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Successes, failures of Vt. child protection system - WCAX.COM Local Vermont News, Weather and Sports-

Successes, failures of Vt. child protection system

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BURLINGTON, Vt. -

Maghon Luman and her 6-year-old daughter Hailey love doing projects. The walls of their Essex Junction apartment are lined with their assorted creations.

But life wasn't always so happy.

"It became a problem when she was eight months old. At that point I was using every day," said Luman.

Maghon says her life spiraled out of control because of her drug addiction. She knew she had to get into treatment, but did not want to leave her daughter. She finally found the Lund Residential Treatment Center when Hailey was 3 years old.

Maghon: What was lund?

Hailey: Home.

Maghon and Hailey lived at Lund for nine months. While there, Maghon says she not only received treatment for substance abuse problems, but learned how to rebuild a productive and stable life.

Maghon says one of the biggest things her drug addiction took from her was patience. She says she turned to yelling and anger because she did not know how to deal with her emotions.

"Lund actually taught me how to be able to focus in on some small tasks. Whether it's doing the dishes to folding laundry or just going for a walk, how to divert my attention to something that I can control until I can get myself in a better situation," said Maghon.

Maghon says she also learned how to communicate better with Hailey.

"Lund had taught me through the education classes that children at that age don't understand what you're saying. What am I doing that you're not supposed to? And they will respond better if you say 'no thank you can you please not drag your coat,'" said Maghon.

Officials from Lund call it a comprehensive approach. Women can live with their children, receive substance abuse treatment, counseling for mental health issues and undergo parent education.

Another of Lund's graduates is Nytosha Laforce, the Winooski woman charged with killing her 14- month-old child Peighotn Geraw.

Laforce was required to enter the Lund program by the Department for Children and Families after a criminal conviction. She lived at Lund with Peighton for six months before graduating from the program and regaining full custody. And court documents reveal Laforce's probation officer questioned how quickly she moved through the program.

Kim Coe, who runs the residential treatment program, declined to address Laforce's case directly. She says Lund gives moms the tools they need to break the cycles of addiction and poverty, but does not guarantee success.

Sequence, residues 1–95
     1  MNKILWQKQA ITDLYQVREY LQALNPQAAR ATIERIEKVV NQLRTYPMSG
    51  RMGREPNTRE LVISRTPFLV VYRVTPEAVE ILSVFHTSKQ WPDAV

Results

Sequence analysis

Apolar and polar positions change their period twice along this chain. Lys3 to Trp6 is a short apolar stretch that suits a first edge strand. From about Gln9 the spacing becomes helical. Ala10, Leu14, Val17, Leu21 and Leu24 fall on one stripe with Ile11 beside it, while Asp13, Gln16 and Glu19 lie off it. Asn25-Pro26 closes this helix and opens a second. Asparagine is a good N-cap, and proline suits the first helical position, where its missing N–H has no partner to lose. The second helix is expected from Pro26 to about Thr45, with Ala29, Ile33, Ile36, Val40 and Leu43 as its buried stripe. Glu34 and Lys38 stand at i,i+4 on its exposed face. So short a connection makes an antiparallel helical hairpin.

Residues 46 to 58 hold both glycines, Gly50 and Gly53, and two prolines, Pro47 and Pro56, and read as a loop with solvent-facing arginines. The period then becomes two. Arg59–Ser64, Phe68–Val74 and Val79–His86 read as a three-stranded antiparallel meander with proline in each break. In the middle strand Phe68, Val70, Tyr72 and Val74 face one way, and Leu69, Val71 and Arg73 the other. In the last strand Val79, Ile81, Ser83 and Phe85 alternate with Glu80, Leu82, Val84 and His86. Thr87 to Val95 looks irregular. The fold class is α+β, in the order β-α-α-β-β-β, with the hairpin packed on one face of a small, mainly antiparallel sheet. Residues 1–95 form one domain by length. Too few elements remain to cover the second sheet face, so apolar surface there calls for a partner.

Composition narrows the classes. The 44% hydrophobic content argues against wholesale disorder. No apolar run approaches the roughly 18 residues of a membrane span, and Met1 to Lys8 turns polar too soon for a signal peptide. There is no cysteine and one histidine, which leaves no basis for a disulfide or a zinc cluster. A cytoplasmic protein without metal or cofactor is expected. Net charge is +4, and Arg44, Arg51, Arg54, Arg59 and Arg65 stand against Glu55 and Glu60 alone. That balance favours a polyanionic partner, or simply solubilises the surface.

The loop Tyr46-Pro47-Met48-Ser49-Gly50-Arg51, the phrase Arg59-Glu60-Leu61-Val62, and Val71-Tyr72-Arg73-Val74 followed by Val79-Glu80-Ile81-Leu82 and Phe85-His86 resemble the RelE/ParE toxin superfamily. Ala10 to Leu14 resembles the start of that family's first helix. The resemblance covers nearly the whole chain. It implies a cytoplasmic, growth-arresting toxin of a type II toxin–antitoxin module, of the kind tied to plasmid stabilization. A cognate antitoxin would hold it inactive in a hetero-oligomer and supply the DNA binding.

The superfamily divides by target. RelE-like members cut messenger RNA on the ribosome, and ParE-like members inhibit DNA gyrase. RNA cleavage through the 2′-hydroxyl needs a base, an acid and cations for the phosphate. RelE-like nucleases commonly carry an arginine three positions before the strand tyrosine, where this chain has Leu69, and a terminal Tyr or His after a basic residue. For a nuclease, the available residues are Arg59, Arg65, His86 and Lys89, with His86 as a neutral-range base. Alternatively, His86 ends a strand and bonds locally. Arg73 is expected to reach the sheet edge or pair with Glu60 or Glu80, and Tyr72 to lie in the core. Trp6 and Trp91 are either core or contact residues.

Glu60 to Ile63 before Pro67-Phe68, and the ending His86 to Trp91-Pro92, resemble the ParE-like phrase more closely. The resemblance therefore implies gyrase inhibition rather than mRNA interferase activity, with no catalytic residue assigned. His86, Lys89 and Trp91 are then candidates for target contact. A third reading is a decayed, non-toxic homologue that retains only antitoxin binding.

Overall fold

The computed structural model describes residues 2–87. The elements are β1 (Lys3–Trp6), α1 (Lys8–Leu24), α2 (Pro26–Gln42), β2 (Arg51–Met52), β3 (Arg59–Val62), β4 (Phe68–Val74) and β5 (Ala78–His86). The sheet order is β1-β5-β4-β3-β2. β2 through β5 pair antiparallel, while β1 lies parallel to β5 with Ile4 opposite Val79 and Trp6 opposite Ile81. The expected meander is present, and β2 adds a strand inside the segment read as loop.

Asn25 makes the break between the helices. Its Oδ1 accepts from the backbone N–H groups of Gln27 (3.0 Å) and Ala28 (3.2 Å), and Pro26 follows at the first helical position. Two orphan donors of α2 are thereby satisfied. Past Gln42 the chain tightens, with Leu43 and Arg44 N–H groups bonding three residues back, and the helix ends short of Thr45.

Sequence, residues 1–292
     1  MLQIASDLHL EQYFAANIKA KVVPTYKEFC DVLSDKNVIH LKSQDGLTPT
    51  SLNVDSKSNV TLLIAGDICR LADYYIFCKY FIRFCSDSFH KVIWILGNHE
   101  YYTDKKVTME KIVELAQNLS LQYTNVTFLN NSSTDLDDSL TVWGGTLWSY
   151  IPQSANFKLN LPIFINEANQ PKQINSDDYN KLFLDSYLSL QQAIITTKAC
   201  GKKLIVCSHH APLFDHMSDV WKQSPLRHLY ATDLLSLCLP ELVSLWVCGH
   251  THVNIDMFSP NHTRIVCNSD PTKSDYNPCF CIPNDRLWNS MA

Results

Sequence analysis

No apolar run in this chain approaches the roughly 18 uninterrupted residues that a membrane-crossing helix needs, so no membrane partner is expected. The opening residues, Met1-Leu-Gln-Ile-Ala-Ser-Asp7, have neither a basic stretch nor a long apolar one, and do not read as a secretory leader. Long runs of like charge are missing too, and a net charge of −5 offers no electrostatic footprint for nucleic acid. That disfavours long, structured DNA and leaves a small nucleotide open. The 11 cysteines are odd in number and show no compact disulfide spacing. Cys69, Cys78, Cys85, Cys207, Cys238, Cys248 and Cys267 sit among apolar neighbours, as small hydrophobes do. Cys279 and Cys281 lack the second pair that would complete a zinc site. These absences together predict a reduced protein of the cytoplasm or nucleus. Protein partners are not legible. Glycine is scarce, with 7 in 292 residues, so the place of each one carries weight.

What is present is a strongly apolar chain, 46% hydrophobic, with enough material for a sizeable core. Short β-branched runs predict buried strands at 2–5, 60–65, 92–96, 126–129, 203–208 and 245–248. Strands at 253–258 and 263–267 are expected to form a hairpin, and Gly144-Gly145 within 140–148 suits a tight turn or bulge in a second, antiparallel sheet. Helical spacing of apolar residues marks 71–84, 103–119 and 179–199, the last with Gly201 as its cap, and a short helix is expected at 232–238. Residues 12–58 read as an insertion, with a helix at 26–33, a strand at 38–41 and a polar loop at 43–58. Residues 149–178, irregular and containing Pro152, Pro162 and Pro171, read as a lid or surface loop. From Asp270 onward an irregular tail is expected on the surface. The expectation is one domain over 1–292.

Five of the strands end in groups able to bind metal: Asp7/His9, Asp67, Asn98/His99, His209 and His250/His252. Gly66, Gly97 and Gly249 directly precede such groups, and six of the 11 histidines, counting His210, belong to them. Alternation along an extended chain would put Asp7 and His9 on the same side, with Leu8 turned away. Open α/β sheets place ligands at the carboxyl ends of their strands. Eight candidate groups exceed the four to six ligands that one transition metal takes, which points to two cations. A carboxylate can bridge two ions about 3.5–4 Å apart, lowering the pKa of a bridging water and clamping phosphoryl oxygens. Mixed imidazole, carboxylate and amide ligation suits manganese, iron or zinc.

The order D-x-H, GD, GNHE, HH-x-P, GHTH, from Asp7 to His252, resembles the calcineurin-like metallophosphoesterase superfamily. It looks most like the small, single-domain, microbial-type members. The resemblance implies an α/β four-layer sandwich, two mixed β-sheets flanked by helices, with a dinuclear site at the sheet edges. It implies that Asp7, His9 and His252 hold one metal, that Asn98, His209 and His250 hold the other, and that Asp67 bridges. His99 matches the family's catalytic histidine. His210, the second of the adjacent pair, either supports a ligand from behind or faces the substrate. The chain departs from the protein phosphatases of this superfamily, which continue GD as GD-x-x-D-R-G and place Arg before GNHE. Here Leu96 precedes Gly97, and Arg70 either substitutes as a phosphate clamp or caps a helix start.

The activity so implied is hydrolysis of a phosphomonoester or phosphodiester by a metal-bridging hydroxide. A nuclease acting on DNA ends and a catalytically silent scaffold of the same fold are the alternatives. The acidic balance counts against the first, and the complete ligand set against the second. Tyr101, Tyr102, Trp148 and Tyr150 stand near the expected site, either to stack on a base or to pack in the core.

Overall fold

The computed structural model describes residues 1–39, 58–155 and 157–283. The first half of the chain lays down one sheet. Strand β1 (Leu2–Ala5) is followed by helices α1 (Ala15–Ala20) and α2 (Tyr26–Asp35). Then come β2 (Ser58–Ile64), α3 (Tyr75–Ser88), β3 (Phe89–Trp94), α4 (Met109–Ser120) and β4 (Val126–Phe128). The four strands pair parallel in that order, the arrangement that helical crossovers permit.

Reporter Shelby Cashman: Is a mom coming to a place like Lund sufficient to break that cycle and get to the root of the problem?

Coe: I think never in and of itself is that sufficient, this is really a community problem that can never be solved by one agency or one organization.

DCF also declined to discuss the Geraw investigation directly. But both DCF and Lund say that the rise in opiate abuse has in some ways outpaced the child protection systems in place.

"We are also aware of the fact that over the past several years, Vermont has dealt with an increase of the use of opiates and the impact on our caseload has been pretty significant in terms of rise and danger that’s created for kids," said DCF Operations Director Karen Shea

DCF says a recent poll of caseworkers reveals that last year 113 children under 3-years-old came into DCF custody. In 69 percent of those cases opiates were a factor.

While the system tries to catch up, parenting classes are a regular part of case plans. Lund would not allow us into its classes. But Milton Family Community Center did.

Kelly Hughes teaches the Learning Together program at the Milton Family Community Center another DCF approved parenting education class. It's a program similar to Lund, except the mothers here do not live at the center.

During this class, Hughes and her students, who wanted to remain anonymous, are learning about the power of words and how they can affect their children.

"So thats its really possible for a word to mean something different to you, as an individual when you were 6 versus when you're 20," said Hughes.

Hughes says she tries to instill one very important idea.

"Becoming a parent is definitely a life changer but it doesn't have to be a life ender," said Hughes.

And she says part of that is teaching her students to change the way they make decisions.

"As a young adult, you're constantly being told how to think and what to think and then all of the sudden you're pregnant and this new life comes and now those decisions not only effect you, but this little person who is so dependent on you," said Hughes.

Skills that Maghon says she learned at Lund. It’s been three years since she left and she now works for the city of Burlington's Offender Reentry Program. She says she continued with outpatient treatment and still keeps in touch with her Lund case worker.

"I think every girl that goes to Lund, they're going to leave Lund with what they want to leave with. If they don't want to learn anything, then they're not going to learn anything," said Maghon.

Maghon says the road has been bumpy.

"When people talk about my success, I don't ever see it as success. I just see it as putting together the pieces that I destroyed for her," said Maghon.

But she did it for her daughter who she calls her 6-year-old future comedian.

In part three of our series, Elizabeth Keatinge will take a look at the foster care system. While DCF says reunification of families is the goal, sometimes children start over in new and loving homes.

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